Eliminates information loss: Using digital medical records eliminates the threat of losing a patient’s health information. Due to the sensitive information contained in medical records, EHR and EMR data backup is required by HIPAA. These HIPAA requirements include technical, physical and administrative rules for data backup.
Technical requirements include the proper disposal of data according to standards set by the Department of Defense, as well as storing data for 6 years, a disaster recovery plan and an emergency operations plan. Physical requirements focus on having areas of secure access and physical locks that protect all stored EHRs. Administrative requirements include having a security management process, assigning security tasks, emergency planning, managing information access and security awareness training.
Improves quality of care: A study published in the American Journal of Managed Care found that EMRs can lead to a higher quality of care, as well as improvements to chronic disease management and preventive service delivery. Examples include reminders to patients and software that locates gaps in care, such as an overdue mammogram screening.
In fact, when the use of EMRs and EHRs were tested on Kaiser Permanente patients, the tools increased the number of diabetes and heart disease patients who took part in regular health screenings, vaccinations and medication adjustments. After 3 years, the number of patients receiving recommended care each month jumped from 68 percent to 73 percent.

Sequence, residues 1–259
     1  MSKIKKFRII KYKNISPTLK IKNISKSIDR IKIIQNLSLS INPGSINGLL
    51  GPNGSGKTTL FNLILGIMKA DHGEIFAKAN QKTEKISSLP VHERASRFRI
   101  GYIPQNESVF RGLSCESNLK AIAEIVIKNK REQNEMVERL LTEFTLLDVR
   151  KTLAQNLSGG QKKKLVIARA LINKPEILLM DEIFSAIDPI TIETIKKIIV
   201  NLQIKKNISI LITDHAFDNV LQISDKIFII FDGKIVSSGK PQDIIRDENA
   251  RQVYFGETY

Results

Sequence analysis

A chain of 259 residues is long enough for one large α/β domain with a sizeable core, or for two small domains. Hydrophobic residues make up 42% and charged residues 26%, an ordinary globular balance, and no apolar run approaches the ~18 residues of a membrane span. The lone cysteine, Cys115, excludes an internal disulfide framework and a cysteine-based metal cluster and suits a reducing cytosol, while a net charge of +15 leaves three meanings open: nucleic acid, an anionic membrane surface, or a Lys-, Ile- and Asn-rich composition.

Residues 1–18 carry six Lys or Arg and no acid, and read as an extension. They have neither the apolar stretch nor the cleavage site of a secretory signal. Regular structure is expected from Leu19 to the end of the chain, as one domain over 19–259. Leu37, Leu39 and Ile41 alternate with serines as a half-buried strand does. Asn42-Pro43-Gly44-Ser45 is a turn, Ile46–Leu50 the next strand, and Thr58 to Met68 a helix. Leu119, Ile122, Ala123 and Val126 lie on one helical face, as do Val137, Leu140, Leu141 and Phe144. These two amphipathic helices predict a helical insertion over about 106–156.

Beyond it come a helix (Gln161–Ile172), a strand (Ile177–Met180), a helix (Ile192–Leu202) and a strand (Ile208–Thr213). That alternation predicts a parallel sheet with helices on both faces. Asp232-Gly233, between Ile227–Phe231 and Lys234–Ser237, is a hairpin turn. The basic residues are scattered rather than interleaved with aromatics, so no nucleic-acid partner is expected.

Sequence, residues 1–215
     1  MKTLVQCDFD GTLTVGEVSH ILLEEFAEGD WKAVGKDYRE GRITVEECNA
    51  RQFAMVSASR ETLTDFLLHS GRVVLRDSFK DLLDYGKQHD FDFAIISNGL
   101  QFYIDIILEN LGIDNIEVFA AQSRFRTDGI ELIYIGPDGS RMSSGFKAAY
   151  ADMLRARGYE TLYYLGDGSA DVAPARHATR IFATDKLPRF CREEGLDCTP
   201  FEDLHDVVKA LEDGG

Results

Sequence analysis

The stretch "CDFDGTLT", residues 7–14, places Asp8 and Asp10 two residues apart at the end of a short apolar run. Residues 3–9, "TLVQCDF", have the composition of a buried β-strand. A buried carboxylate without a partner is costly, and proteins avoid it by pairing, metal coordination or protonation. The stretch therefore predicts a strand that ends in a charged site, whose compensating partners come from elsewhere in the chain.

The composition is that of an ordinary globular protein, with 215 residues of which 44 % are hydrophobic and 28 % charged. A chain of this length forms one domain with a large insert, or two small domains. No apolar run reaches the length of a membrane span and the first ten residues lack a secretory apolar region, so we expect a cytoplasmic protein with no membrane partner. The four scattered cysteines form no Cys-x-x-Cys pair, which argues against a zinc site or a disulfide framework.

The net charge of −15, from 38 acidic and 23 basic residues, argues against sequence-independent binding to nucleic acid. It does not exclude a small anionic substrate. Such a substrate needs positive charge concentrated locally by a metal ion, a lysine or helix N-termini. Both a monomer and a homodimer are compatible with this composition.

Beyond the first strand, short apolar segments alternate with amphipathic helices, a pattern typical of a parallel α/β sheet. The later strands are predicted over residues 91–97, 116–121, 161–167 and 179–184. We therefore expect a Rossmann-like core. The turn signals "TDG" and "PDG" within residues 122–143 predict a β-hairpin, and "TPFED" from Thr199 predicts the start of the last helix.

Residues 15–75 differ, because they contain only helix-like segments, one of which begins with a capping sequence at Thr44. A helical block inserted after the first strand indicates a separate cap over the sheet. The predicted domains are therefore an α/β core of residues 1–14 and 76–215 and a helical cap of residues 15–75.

Empowers patients to manage their health: EMRs and EHRs provide secure access to a patient’s personal health record, which also includes access to provider tools, designed to help patients connect to the providers and services they need to stay healthy. For example, patients can securely e-mail their doctor, as well as review all lab results, health condition details, medication information and medication refill capabilities.
Reduces costs: Storage costs and staff expenses are reduced—or even eliminated—because EMRs take up less space and are more accessible and manageable than paper records. In addition, the cost of medical charting supplies is replaced by inexpensive maintenance costs.
How does ReadyTech’s virtual training software improve EMR training?
According to a study published in Health Affairs, an average 5-physician practice must pay EHR implementation costs of $162,000, with $85,500 in maintenance expenses during the first year.
Thanks to the American Recovery and Reinvestment Act, the government will cover most of this cost—if the office uses the system for “meaningful use,” such as issuing a certain percentage of prescriptions electronically, rather than on paper.